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Thursday, January 19, 2012

How the Old Twin Stand-In Stunt Plays Out In Real Life

Writers love to show lawyers using twins to trick witnesses into false identifications. The plotline will have the witness asked, “Can you show me the man who attacked you?” The witness points to the person at the defense table. The defense lawyer will say, “Your honor, I move to dismiss. The witness has just identified the defendant’s twin brother.” Gasps arise. Gavel pounding. “Case dismissed.” The victim walks away sheepishly, and the defense lawyer gets slaps on the back for his cleverness.

Back to the real world. A lawyer tried a similar stunt recently, with quite different consequences. She had her client’s twin brother appear at a preliminary hearing instead of her client. The witness identified the twin. Case dismissed? Nope.

The prosecutors are moving to have her removed from the case, and the judge is talking about having her held in contempt of court. The prosecutor is also going to report her to the Bar for making misrepresentations to the court.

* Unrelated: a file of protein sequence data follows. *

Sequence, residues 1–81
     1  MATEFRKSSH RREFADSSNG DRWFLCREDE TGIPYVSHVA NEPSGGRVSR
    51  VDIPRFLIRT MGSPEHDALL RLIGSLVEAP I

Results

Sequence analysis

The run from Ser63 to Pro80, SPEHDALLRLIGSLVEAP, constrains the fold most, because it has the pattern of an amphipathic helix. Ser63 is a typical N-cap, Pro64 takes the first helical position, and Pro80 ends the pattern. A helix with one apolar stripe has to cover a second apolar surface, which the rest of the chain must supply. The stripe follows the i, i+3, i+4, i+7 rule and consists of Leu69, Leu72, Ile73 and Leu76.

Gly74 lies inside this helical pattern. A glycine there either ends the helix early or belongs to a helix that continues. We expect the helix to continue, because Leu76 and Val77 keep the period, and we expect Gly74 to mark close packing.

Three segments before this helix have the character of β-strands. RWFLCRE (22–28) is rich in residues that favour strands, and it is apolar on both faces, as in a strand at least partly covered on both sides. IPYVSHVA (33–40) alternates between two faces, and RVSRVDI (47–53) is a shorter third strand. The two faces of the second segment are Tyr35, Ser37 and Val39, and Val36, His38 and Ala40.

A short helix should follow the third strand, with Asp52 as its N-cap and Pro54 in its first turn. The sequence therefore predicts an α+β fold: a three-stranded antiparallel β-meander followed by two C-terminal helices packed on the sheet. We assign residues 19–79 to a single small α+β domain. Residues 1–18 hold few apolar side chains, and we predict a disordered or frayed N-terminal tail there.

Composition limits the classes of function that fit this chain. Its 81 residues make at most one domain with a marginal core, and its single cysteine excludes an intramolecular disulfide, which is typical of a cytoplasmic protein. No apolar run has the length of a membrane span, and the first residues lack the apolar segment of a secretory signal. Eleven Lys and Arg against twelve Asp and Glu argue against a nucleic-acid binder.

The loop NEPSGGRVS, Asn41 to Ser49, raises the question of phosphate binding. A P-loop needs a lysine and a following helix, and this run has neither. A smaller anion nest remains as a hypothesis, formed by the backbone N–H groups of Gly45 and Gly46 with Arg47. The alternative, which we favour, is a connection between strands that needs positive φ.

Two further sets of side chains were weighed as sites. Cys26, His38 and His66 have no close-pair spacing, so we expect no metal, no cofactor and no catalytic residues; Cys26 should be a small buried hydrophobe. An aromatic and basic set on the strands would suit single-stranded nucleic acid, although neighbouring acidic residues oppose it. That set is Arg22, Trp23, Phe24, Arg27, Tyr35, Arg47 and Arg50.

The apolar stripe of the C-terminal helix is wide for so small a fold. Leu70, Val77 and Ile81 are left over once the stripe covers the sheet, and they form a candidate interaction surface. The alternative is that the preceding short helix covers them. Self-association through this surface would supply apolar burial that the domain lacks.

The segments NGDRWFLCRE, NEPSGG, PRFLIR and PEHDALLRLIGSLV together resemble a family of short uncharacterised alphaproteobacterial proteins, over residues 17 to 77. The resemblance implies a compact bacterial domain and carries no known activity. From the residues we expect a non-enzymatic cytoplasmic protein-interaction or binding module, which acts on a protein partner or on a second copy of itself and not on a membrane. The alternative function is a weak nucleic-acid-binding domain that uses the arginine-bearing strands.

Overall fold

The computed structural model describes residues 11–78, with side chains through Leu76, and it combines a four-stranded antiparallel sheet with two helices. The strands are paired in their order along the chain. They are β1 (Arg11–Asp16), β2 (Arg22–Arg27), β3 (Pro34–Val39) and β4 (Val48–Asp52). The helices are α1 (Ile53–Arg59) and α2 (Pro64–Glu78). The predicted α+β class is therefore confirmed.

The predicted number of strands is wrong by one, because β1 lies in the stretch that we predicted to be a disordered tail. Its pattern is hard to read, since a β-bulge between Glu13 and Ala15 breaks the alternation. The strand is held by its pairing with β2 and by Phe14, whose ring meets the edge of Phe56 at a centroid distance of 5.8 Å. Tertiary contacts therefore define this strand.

When she was caught (the arresting officer recognized the real perp hanging outside the courtroom) she denied she was trying to get the witness to identify the wrong person. So what was all that about? I’m betting that wasn't quite true. She probably saw some stupid TV show where a lawyer pulled a similar stunt.

If stunts like that worked in real life, no twin would ever end up in jail. The truth is simpler. Lawyers aren’t allowed to misrepresent anything to a judge or jury. That includes the identity of their client. If they do, they might end up in jail for a few days, or worse, lose their license to practice law.

Can we all agree to stop using the twin stand-in as a plotline now? On behalf of the 1.1 million lawyers who might read your book or watch your show, I thank you.

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